real estate crowdfunding

ULI Panelists Envision the Future of Real Estate Crowdfunding

“Commercial real estate could be the largest asset opportunity in the online lending space,” said Brian Korn who is a partner at law firm Manatt at a panel event at the Urban Land Institute Fall Meeting in Boston. The panelists included Chad Cooley, co-founder and managing partner of AWH Partners; Darren Powderly, co-founder of CrowdStreet; and Greg Rush, partner and managing director at Cadre.

“Right now, consumer lending has outstripped real estate in terms of overall volume, but the number of commercial lenders that have scale is somewhat limited,” said Korn. He added that there is now a great opportunity in the real estate space.

Today, commercial real estate is the third largest asset class at $14 trillion, just behind stocks and bonds. Additionally, the United States is home to the largest, most liquid commercial real estate market in the world. From 2015 to 2020, alternative investment is projected to grow by 15 percent for accredited investors.

There are several types of online commercial real estate syndication platforms, colloquially they are known as real estate crowdfunding services. Companies like Cadre and CrowdStreet are leading the space in the equity investment model. There are also platforms that make debt investments such as residential loans and smaller 30-day notes. For non-accredited investors, there is the opportunity to invest in an eREIT, which has its transactions registered with the Securities and Exchange Commission.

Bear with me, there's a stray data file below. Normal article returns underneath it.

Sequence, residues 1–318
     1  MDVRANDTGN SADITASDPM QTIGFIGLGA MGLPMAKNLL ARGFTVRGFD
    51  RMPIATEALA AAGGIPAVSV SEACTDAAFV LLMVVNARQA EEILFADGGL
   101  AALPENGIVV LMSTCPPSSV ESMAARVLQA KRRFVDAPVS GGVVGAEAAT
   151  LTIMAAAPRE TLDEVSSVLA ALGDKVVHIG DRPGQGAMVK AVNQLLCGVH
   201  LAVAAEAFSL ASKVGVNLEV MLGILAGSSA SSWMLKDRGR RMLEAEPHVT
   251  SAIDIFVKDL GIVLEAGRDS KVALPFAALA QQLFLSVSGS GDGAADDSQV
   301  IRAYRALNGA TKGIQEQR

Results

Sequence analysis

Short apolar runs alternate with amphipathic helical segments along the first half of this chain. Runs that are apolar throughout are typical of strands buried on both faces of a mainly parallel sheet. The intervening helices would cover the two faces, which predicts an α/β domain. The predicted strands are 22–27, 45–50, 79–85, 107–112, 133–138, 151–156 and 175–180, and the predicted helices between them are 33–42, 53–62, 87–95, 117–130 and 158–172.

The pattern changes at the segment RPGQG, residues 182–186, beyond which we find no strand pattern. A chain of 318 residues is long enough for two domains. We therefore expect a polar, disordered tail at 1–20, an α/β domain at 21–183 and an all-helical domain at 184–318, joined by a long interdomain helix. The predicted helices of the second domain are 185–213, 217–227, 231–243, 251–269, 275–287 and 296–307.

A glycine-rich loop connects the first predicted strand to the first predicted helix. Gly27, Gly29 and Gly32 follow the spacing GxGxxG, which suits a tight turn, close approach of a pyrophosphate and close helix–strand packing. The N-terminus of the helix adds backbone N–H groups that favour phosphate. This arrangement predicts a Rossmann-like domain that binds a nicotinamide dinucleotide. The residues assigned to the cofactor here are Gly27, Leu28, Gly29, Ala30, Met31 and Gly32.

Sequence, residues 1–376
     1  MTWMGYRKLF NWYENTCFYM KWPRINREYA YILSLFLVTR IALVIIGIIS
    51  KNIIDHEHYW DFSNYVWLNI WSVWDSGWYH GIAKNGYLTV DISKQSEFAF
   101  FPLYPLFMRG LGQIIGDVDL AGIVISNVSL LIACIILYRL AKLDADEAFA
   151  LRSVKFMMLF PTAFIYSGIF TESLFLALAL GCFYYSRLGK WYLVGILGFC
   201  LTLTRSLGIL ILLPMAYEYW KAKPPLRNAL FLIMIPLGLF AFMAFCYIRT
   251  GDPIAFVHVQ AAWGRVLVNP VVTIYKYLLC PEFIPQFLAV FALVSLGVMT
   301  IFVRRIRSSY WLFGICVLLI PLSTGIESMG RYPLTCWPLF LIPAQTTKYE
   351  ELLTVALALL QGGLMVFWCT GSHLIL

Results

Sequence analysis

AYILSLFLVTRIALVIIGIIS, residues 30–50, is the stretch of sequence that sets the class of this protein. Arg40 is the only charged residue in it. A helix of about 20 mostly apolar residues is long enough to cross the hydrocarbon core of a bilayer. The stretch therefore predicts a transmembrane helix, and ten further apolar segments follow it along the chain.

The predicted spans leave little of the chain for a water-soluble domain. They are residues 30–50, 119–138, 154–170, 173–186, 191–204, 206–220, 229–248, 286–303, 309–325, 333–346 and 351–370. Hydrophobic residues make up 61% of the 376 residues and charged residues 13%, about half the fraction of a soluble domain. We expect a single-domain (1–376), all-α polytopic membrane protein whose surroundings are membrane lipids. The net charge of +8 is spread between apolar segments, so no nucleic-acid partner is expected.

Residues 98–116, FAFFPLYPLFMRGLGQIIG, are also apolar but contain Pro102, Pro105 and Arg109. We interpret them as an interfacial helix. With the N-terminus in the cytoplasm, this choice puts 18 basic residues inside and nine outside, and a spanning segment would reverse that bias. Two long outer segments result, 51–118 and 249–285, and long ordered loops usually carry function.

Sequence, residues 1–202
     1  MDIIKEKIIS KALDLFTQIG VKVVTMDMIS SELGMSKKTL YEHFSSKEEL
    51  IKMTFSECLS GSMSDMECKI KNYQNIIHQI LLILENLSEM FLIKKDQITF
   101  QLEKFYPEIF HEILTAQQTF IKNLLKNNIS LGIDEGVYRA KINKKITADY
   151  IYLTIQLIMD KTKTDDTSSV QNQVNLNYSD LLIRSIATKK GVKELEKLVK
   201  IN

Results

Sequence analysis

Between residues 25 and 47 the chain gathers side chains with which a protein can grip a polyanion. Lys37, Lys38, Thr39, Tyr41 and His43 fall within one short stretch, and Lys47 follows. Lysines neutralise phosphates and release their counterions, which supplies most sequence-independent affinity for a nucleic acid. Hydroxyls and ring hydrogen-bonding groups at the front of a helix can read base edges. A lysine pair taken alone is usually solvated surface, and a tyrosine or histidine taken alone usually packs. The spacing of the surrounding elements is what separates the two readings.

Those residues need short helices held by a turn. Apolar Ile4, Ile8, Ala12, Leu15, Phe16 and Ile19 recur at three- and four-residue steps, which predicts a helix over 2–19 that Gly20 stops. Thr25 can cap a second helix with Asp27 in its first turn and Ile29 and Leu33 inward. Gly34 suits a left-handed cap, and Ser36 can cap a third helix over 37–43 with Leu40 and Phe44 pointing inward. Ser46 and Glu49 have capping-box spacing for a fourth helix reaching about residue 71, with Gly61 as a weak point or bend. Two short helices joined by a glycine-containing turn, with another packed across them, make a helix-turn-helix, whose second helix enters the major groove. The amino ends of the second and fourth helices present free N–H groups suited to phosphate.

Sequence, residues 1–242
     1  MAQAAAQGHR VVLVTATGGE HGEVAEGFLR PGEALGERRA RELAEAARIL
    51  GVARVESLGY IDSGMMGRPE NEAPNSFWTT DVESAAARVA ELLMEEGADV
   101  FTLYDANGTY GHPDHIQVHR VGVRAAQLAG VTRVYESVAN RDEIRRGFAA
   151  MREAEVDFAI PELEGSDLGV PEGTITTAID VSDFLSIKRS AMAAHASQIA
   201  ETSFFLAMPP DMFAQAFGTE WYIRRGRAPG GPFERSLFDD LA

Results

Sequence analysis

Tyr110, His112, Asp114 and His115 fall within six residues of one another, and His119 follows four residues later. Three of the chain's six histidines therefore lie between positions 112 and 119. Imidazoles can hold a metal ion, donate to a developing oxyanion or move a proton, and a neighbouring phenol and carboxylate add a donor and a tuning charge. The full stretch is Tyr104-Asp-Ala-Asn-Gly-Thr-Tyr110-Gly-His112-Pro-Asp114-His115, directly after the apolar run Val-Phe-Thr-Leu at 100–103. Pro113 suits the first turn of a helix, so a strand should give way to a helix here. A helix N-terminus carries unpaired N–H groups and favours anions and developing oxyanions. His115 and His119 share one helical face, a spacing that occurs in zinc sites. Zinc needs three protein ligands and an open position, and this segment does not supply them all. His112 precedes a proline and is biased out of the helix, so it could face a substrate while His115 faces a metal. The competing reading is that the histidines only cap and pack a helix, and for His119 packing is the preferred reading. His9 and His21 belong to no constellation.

“There used to be hundreds of [online syndication] startups, now there are only six,” said Powderly. The six that are still around are run by a team of reliable and responsible professional that come from the industry; these startups operate on an institutional level.

The benefits of online syndication platforms are cost and transparency. “When you invest in traditional real estate fund, usually you are doing so because you know the principal and you trust the process and that they are going to go out and find the best transaction,” said Korn. That model is quickly replaced with one of transparency. Sometimes investors want to invest in one property but not another. Investors that have the desire to pick and choose which transactions they want to invest in are able to get access to deals without “knowing someone” thanks to the advent of these platforms.

Five to 10 years from now, Powderly predicts that “there is going to be tremendous innovation.” He said there would be startups offering privately managed accounts that look like Vanguard-like services. Asked about the industry outlook, Cadre’s Rush answered that better use of data when applied to investing would make players in the industry smarter investors.

Securities law seems to be the biggest challenge for startups expanding internationally. Powderly said, “We would love to [expand], but it’s a matter of opportunity cost, we are only scratching the surface in the United States, we have to continue to focus what we know locally, but also because of securities law.” He added, “To try to solve multinational securities law is a big challenge, somebody will do it, maybe it will be Blackstone with lawyers and offices all over the world, but we are not big enough.”

If there is a key takeaway from this panel event, it’s that even though the industry is growing, the number of players is shrinking. Companies that are succeeding in this space offer institutional-level services and products.

Propmodo is a global multimedia effort to explore how emerging technologies affect our built environment.

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